University of South Florida

USF Health earns a 100% score on national benchmarks for value-based care

USF Health attained a 100% score on its most recent Merit-based Incentive Payment System (MIPS) assessment, a measurement required by the Centers for Medicare and Medicaid Services (CMS) to track how well hospitals and medical groups perform on key areas that benefit patients.

“MIPS is about setting standards of care for all of our patients and, by earning a 100%, we are clearly demonstrating that we are meeting national benchmarks on how we care for patients,” said Terri Ashmeade, MD, professor and chief quality officer for USF Health.

“This perfect score validates that we are not a high-cost organization and puts USF Health among the very top of USA practices in value.”

The 100% score puts USF Health in the Exceptional Performance category, a significant accomplishment given USF Health’s highly specialized group practice and complexity of its patient population compared to the average practice, she said.

Morsani Center for Advanced Healthcare.

MIPS (Merit-Based Incentive Payment System) is part of the Quality Payment Program authorized under 2015 MACRA legislation that introduced a new Medicare value-based reimbursement system. MIPS is one of the ways the Quality Payment Program aims to reward value and outcomes (rather than just volume of care), tying payments to quality and cost-effective care. Performance is measured through four key areas: quality, improvement activities, promoting interoperability, and cost.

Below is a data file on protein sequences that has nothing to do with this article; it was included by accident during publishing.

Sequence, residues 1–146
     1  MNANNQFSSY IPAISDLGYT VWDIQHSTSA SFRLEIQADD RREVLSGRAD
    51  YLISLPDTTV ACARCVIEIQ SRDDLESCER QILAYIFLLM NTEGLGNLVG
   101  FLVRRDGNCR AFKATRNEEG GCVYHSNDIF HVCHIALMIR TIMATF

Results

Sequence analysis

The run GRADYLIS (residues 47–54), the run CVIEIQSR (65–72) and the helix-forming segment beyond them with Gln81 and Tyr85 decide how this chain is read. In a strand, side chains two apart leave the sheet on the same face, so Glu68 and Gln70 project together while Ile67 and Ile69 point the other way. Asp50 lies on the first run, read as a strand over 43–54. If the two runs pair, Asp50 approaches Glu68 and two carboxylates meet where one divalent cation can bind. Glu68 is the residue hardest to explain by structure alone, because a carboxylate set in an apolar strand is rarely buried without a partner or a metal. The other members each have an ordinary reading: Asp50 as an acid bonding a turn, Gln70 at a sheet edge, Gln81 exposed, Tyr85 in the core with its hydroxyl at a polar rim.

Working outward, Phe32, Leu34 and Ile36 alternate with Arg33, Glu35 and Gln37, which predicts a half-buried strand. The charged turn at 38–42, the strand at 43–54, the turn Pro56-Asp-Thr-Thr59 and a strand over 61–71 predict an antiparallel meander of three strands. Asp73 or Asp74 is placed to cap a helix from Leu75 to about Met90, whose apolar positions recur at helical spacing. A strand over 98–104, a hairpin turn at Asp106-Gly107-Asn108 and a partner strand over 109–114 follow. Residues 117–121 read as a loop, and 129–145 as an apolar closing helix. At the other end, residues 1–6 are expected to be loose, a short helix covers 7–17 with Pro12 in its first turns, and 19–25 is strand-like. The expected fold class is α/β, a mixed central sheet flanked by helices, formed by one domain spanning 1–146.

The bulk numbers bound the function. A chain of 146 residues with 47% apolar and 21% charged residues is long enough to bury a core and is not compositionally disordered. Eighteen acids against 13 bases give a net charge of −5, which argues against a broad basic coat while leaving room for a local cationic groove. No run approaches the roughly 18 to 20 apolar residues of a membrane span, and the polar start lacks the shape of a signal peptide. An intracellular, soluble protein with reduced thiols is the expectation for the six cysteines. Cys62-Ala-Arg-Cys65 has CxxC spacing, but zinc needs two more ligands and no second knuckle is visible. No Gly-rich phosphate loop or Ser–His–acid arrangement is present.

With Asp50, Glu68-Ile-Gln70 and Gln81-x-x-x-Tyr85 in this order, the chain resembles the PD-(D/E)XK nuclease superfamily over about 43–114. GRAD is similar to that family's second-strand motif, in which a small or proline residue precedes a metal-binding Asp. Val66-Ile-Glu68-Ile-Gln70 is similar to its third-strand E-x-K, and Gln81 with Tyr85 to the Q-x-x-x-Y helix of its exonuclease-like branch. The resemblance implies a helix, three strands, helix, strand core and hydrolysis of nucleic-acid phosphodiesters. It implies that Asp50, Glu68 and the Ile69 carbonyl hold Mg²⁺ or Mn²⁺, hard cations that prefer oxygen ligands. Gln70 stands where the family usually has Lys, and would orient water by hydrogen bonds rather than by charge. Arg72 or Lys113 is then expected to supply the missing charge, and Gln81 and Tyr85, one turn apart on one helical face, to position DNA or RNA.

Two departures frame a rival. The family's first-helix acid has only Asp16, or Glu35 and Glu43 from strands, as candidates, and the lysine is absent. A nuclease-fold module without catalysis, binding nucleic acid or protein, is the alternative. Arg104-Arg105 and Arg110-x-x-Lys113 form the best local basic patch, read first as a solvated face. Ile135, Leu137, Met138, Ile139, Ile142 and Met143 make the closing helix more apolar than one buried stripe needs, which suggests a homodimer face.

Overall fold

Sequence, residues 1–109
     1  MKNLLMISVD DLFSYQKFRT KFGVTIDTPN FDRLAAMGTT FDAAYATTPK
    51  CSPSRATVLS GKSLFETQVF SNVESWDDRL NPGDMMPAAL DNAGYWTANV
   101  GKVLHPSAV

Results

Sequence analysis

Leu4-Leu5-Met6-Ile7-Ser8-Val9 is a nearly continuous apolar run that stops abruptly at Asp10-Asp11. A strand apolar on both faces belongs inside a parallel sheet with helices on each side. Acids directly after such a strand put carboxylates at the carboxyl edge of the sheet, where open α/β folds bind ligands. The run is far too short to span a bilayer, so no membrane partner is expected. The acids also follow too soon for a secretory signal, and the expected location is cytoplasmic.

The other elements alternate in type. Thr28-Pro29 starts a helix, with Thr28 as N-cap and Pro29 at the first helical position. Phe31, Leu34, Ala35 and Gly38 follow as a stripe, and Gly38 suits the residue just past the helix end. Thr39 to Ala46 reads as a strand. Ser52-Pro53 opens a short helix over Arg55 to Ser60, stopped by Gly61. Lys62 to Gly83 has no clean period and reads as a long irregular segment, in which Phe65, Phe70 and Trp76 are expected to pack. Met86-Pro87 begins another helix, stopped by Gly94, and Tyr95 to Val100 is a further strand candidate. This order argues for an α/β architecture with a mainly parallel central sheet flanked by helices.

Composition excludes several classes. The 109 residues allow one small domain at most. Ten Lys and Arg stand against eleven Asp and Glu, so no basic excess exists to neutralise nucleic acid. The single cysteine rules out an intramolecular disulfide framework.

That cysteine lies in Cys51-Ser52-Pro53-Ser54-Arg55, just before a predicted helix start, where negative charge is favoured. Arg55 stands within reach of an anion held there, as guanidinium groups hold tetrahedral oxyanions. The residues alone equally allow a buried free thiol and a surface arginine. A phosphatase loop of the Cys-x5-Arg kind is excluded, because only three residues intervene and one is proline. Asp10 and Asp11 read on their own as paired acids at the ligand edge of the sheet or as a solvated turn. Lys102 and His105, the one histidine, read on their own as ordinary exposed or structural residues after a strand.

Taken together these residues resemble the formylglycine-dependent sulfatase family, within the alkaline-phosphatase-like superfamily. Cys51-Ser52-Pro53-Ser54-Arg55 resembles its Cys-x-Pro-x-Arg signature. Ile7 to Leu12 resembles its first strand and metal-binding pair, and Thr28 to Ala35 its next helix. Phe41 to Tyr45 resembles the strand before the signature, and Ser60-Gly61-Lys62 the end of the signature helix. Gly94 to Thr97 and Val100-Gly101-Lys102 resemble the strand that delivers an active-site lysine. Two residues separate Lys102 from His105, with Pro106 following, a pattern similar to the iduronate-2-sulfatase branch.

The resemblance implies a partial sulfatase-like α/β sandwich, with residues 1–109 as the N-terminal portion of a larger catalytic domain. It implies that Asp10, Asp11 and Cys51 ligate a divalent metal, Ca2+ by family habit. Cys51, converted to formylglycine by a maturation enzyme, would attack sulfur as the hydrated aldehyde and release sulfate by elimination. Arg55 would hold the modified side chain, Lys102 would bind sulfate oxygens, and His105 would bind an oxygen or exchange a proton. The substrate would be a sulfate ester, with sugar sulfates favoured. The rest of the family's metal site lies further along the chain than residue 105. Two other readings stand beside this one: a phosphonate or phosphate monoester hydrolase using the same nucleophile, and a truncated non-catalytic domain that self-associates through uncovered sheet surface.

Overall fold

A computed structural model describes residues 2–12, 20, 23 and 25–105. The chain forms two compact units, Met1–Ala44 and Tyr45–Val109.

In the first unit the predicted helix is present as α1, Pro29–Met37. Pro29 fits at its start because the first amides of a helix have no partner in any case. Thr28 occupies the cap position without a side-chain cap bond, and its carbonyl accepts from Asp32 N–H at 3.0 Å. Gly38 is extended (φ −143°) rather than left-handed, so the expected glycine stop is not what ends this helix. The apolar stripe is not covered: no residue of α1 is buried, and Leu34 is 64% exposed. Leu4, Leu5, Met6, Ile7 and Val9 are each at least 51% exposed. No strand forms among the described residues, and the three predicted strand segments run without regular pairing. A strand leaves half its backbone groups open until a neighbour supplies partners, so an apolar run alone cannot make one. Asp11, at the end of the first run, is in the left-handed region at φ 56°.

Ensuring that our patients have a smooth transition of care from the hospital back into our outpatient practice  and are avoiding readmission is an example of the continuity of care that MIPS is measuring, Dr. Ashmeade said.

For a deeper dive into MIPS, visit

South Tampa Center for Advanced Healthcare.

At USF Health, the journey to achieve this outstanding MIPS score speaks volumes to how we are, collectively, advancing toward our primary goal of offering advanced, compassionate care to patients, said Mark Moseley, MD, chief medical officer for USF Health.

“This outstanding MIPS score shows that our constant drive to make life better for our patients and their families dovetails nicely with efforts to maximize value by achieving the highest possible quality outcomes for the lowest cost,” Dr. Moseley said. “Our social contract with our community is to provide that value, and the improvements in processes, data analytics, and care coordination brought about by our MIPS efforts help us do just that for those we are privileged to serve.”



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